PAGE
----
The best way to rid yourself of prejudice is to continually and consistently expose yourself to people who defy the prejudice. If you have an irrational prejudice regarding the intelligence of black people, follow a couple dozen black professors/astrophysicists/surgeons. If you have an irrational prejudice that southerners are all conservatives, read blogs every day by southern progressives and radicals.

I would seek out people online who completely defy the prejudices you have about Serbians. Add them to your feedly daily read, add them to your twitter, subscribe to their youtube channels, whatever. People as far removed as possible from the traits and situations you have feelings about. Don't look up Serbian war journalists. Look up Serbian bakers and childcare workers.

I'm not Serbian, but I think it's incredibly rare for someone to challenge their prejudices the way you have, and I want to personally thank you. Good luck.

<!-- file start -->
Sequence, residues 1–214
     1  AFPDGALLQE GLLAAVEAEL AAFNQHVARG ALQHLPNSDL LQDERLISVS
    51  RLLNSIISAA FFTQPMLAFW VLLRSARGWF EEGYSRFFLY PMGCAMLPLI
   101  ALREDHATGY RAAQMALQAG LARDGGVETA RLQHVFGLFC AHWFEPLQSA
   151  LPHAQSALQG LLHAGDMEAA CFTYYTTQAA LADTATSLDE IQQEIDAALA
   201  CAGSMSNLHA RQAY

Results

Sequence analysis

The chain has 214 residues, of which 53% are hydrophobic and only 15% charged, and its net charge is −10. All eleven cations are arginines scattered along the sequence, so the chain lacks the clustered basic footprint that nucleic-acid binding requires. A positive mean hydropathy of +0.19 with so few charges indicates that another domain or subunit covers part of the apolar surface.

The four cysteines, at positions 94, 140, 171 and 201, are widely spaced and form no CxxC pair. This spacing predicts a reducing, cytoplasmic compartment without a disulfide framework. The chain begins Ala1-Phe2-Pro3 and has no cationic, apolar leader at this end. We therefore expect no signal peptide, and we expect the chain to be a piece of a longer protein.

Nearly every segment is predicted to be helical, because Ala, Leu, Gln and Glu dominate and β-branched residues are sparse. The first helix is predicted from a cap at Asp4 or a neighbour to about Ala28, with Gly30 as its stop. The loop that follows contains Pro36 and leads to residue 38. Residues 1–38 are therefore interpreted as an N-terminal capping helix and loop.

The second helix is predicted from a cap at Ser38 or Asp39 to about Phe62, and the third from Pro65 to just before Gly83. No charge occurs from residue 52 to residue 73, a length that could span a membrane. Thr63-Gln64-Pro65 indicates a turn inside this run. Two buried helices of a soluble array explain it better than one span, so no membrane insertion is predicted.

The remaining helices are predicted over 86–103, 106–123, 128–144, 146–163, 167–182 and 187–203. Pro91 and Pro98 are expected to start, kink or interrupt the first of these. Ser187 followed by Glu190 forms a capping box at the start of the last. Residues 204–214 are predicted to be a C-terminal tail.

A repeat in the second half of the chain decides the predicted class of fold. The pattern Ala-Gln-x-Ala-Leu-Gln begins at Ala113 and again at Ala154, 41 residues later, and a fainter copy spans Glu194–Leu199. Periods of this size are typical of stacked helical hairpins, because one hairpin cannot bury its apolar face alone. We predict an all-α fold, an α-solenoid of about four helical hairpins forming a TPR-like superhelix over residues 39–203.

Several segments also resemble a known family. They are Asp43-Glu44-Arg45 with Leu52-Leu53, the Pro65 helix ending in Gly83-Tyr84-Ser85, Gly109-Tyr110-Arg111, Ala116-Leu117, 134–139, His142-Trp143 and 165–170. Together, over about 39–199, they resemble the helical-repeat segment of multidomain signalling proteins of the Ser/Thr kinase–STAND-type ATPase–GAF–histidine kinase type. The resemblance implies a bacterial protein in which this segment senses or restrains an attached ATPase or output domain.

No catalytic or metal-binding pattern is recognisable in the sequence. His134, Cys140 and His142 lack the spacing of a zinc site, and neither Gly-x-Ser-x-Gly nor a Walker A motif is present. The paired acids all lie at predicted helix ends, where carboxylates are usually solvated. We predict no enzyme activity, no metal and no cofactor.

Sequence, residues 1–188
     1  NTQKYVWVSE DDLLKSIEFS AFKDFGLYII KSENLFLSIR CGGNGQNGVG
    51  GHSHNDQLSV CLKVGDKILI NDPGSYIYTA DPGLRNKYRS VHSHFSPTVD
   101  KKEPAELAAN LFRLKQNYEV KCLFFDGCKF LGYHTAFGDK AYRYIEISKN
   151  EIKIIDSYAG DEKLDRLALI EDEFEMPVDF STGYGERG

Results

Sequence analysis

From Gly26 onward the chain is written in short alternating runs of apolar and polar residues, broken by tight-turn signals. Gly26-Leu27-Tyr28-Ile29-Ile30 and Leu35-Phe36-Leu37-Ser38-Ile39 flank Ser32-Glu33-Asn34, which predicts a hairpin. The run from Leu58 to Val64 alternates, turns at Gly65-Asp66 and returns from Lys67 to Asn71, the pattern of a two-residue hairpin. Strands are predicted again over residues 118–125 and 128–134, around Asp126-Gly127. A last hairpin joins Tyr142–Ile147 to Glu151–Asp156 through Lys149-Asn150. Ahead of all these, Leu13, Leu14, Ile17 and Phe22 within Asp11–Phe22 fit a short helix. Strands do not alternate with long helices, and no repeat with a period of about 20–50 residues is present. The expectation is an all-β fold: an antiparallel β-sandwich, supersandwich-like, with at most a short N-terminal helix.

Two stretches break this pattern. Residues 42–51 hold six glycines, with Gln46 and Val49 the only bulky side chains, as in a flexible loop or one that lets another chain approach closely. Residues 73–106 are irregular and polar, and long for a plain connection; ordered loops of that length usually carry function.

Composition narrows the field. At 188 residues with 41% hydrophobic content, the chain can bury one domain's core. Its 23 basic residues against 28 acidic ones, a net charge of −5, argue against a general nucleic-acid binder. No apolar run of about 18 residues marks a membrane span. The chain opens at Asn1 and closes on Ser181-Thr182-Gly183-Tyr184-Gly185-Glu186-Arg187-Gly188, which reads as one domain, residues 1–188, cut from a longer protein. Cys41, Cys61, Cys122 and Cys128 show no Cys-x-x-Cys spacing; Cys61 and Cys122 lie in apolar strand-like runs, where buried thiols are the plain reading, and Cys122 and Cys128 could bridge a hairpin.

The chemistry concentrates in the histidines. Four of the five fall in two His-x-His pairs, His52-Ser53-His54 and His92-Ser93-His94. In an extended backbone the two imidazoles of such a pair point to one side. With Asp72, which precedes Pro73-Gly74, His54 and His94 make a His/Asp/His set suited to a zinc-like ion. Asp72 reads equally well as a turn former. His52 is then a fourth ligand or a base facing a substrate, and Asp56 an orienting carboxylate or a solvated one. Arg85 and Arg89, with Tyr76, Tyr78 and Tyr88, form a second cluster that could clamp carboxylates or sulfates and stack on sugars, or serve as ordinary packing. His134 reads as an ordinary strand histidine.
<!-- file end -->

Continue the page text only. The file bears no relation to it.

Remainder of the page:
posted by Jairus at 12:34 PM on December 12, 2013 [29 favorites]

Oh, this is no big deal, because you recognize it's irrational and demonstrably false. That's actually a very good sign.

Truth is, we can't always control our thoughts, even when we know our brains are wrong and talking crazy shit. Having sat for hours meditating, trying to get the mind under control, I assure you, it's practically impossible. Only after days of meditating from 5am in the morning to 7pm at night, did I get the barest hint of control. So again, it's difficult and our thoughts tend to scamper around like monkeys.

Thankfully, those irrational thoughts aren't that important. What is important is how we act and what we choose to do with those wild thoughts. Here's the trick: don't pay them much mind. Seriously, it's not a big deal, just a goofy monkey in the animal part of your brain. Luckily you're more than just an animal and have a conscious mind which can analyze and quantify what said monkey brain is doing. When it's being smart, pay attention. When it's being tribal and irrational, ignore. Eventually its gibberish recedes to the background.